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Environmentally destructive electric car motors to be redesigned

Electric cars are lauded as being kind to the environment, but there's a more harmful side to these greener-than-thou vehicles.

Electric cars are often lauded as being kind to the environment, but there is a darker, more environmentally harmful side to the creation of these greener-than-thou vehicles, scientists say.

Researchers at Newcastle University have suggested the motors used in cars such as the Mitsubishi iMiev and Nissan Leaf are built using rare-earth metals, the mining of which is incredibly destructive to the environment.

To overcome this issue, a team of UK engineers has been assembled to help develop a new motor for electric cars that will significantly reduce dependency on the costly minerals.

James Widmer, of Newcastle University's Centre for Advanced Electrical Drives, explained, "The pressure on supplies of rare-earth metals coupled with rising demand for this technology means the pressure is on to find an alternative."

He has a point. Rare-earth materials such as dysprosium and neodymium are primarily sourced from China. It has been reported that, in many cases, criminal gangs gather the topsoil from a piece of land, move it into large dirt pits and filter the metals using acid washes that separate metals from the soil. The remaining soil is heavily contaminated and heavy rains can wash the acid residue downstream to farmlands and rivers, polluting everything in its path.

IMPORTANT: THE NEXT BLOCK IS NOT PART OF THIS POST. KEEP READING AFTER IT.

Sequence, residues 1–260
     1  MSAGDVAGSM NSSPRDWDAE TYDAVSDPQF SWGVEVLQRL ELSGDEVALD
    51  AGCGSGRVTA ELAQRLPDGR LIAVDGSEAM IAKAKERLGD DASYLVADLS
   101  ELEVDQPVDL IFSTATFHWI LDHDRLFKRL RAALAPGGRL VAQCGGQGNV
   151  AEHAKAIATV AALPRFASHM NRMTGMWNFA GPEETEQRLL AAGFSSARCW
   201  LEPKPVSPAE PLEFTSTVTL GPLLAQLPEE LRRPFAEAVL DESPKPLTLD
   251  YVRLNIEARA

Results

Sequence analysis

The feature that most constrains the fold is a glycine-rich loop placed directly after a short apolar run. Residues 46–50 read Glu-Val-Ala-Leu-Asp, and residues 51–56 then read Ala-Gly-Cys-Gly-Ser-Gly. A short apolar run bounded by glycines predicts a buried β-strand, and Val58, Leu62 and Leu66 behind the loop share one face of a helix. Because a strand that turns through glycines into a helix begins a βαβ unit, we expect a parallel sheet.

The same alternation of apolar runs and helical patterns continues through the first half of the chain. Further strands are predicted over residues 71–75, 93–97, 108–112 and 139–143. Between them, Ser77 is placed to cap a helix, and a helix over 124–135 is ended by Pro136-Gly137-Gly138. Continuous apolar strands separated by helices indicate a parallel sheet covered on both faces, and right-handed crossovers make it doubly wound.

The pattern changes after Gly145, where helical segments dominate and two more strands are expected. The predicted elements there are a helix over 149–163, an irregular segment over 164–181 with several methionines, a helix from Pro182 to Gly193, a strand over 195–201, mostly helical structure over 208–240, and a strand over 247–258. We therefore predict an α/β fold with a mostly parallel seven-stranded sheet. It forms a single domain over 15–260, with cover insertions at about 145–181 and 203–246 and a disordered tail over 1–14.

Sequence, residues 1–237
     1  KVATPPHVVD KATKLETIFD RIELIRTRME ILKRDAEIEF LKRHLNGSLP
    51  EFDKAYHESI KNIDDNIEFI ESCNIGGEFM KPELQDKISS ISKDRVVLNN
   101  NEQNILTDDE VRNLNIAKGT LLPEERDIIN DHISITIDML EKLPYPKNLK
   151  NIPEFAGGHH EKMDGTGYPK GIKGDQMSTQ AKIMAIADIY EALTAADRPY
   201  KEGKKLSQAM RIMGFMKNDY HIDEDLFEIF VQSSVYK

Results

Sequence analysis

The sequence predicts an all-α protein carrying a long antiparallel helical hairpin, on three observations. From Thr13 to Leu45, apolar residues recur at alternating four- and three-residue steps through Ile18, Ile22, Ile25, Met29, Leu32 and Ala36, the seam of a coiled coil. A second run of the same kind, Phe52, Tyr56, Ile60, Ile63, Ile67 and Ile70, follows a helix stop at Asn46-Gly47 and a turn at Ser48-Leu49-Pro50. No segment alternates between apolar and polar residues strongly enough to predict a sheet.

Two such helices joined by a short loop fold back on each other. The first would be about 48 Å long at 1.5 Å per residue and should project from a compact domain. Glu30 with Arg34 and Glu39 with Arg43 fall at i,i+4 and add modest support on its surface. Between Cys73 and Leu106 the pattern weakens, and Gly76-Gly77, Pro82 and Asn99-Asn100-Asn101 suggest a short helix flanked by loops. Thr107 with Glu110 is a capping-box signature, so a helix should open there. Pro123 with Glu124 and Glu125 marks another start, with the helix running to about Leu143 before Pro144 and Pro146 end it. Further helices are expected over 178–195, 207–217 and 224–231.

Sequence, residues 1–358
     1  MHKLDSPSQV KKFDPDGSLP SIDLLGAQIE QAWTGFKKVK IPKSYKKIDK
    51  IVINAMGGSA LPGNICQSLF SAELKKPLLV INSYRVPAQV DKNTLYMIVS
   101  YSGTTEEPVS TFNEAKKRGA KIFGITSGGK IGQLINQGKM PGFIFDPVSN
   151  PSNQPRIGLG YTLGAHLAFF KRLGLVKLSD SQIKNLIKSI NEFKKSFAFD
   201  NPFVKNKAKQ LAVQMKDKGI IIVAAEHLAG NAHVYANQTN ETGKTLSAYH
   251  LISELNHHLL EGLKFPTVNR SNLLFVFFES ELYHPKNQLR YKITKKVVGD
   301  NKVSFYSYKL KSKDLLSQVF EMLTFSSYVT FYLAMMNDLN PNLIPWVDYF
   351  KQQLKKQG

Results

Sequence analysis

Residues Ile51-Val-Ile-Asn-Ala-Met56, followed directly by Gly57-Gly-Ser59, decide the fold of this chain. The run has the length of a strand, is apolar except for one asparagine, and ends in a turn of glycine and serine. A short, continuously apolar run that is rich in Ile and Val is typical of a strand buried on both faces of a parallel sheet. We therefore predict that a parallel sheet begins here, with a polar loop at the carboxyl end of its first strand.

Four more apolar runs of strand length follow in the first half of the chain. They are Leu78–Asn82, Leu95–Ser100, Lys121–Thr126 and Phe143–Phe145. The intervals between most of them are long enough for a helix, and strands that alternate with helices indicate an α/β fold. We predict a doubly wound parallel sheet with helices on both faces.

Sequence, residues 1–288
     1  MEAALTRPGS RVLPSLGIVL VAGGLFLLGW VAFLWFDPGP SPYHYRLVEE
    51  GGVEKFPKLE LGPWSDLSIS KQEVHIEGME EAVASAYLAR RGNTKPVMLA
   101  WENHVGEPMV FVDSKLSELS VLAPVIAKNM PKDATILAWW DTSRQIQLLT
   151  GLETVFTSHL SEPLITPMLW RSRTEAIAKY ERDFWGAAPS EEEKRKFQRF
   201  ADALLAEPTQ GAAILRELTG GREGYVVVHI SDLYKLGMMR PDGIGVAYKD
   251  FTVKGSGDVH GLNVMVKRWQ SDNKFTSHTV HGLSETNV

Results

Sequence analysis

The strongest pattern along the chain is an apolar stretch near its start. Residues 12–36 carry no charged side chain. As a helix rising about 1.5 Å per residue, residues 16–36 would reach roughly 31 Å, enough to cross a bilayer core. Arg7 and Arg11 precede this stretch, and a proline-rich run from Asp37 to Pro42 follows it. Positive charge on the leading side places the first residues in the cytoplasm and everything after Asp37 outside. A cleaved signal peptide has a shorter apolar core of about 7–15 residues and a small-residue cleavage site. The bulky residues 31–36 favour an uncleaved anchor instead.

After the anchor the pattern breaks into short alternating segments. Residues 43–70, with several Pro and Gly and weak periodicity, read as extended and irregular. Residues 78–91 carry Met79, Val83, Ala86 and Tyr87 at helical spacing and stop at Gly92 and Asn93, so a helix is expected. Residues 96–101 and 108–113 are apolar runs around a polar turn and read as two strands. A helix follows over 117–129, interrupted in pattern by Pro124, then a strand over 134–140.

Putting an end to these destructive practices is crucial if electric cars can be considered a truly green alternative to their fossil-fuelled counterparts, which is why Widmer and his team are looking into replacing rare-earth metals with steel, which is not only less damaging to the environment, but is also cheaper and more widely available.

So far, the team has attracted £518,000 in government funding to develop a low-cost, high-volume electric motor that uses zero rare-earth materials. Project leaders say the motor should be ready for volume production by 2016.